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improved ability to reflect on their own mental life is another reason that their thinking and problem-solving advanceKnowledge of Cognitive CapacitiesOlder children regard it as an active, constructive agent that selects and transforms information (not a passive container of information)For example, know that doing well on a task depends on focusing attentionBecome increasingly aware of effective memory strategies, why they work and the relationships between mental activities
Understand everyone has a different point of view on things, knowledge is not only extended by directly observing, or talking to others, but also making mental inferencesThis grasp of inference enables knowledge of false belief to expandBy age 6 or 7 realize second-order beliefs can be wrong; however,assists them in understanding others’ perspectivesBesides complex thinking and language, experiences can foster a child’s ability to be more reflective, process-oriented view of the mindKnowledge of strategiesConscious of mental strategies3rdand 5thgrade; children develop a much better appreciation of how and why strategies5thgraders are better a discriminating good from bad reasoning (weighing of possibilities and gathering evidence)By end of middle childhood, children consider how interactions among variables (age effective strategies, and difficulty of the tasks) affect cognitive performanceMetacognition broadens into a more complex theoryoCognitive Self-RegulationDifficulty with cognitive self-regulation,the process of continuously monitoring progress toward a goal, checking outcomes, and redirecting unsuccessful effortsSometimes do not always engage in these kinds of activities, ex: rereading a paragraph to ensure understanding and adding information she missedWhen children apply a strategy consistently, their knowledge of strategies strengthens, resulting in a bidirectional relationship between metacognition and strategic processing that enhances self-regulationAcademic success depends on self-regulation; if a student encounters a mistake, the better student will take steps to address it (passive students achieve poorly)Parents and teachers can foster self-regulationThose with this skill develop a sense of academic self-efficacy (confidence in their own ability)oApplications of Information Processing to Academic LearningReadingSkill must be done automatically: letters, letter combinations, translate to speech sounds, recognize common words, hold text inworking memory, interpret meaning, combine with meaning of pastparts of the text, have a whole.Phonological awareness—the ability to reflect on and manipulate the sound structure of spoken language—continues to facilitate their progressPAST DEBATE:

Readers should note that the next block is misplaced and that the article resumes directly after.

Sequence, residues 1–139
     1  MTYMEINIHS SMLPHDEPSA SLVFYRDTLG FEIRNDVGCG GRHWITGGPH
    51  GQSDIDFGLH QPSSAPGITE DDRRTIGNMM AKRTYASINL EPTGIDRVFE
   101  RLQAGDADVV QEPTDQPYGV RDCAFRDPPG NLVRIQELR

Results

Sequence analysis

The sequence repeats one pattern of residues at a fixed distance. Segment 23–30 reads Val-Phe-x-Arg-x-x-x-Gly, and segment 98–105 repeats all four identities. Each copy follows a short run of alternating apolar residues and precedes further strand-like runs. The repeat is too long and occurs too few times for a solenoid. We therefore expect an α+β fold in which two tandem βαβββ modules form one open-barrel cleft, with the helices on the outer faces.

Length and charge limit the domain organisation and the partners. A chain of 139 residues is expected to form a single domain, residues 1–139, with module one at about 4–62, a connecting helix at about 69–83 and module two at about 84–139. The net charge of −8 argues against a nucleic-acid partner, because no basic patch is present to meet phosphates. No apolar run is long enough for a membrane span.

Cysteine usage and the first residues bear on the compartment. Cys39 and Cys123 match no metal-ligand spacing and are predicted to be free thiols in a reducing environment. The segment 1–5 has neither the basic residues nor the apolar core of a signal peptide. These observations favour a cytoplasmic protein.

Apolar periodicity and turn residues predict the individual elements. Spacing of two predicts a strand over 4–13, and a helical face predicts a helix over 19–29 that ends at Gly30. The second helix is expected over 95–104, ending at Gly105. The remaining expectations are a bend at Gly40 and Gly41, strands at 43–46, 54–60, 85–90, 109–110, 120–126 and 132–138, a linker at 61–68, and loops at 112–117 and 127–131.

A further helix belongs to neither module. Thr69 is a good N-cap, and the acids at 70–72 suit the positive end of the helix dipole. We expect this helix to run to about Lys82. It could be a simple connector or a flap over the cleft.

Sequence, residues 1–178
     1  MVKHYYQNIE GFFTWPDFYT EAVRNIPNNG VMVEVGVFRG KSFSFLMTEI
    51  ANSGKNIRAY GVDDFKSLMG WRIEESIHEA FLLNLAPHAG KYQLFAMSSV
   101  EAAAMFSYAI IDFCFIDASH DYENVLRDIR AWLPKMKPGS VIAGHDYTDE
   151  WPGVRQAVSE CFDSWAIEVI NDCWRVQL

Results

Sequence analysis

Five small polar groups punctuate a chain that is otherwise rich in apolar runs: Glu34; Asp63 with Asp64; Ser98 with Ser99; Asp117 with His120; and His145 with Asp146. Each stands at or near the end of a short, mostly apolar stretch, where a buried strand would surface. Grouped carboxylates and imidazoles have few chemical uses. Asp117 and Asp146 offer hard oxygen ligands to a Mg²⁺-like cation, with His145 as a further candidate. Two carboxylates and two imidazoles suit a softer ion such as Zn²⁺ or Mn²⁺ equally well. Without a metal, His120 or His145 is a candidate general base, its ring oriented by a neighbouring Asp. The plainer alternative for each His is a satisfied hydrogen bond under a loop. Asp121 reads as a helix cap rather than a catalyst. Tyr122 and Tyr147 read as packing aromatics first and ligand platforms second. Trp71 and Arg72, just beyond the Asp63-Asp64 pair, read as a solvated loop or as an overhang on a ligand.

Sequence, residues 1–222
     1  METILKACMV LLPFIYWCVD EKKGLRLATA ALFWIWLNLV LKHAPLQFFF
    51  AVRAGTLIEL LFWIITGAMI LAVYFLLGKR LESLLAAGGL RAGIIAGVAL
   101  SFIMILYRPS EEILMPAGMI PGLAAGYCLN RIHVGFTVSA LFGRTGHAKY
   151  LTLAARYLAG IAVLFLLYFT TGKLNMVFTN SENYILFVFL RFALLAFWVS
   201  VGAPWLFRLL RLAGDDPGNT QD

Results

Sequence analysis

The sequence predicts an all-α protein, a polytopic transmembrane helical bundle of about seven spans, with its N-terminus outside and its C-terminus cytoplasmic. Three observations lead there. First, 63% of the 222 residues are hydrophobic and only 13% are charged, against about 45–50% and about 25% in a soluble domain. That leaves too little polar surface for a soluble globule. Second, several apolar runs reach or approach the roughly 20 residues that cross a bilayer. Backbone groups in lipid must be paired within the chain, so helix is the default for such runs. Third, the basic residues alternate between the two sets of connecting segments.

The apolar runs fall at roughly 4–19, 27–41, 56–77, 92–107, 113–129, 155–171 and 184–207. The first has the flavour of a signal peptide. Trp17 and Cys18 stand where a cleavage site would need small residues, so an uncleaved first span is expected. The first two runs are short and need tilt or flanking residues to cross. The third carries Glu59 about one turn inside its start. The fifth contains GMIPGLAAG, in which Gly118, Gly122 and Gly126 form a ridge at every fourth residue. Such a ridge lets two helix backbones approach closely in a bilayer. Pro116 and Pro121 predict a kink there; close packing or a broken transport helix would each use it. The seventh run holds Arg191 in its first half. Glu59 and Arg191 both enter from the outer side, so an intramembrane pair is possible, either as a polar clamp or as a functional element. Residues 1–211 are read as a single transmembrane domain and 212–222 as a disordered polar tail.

Whole-language approachargued that from the beginning, children should be exposed to text in its complete form—stories, poems, letters, posters, and lists—so that they can appreciate the communicative function of written language.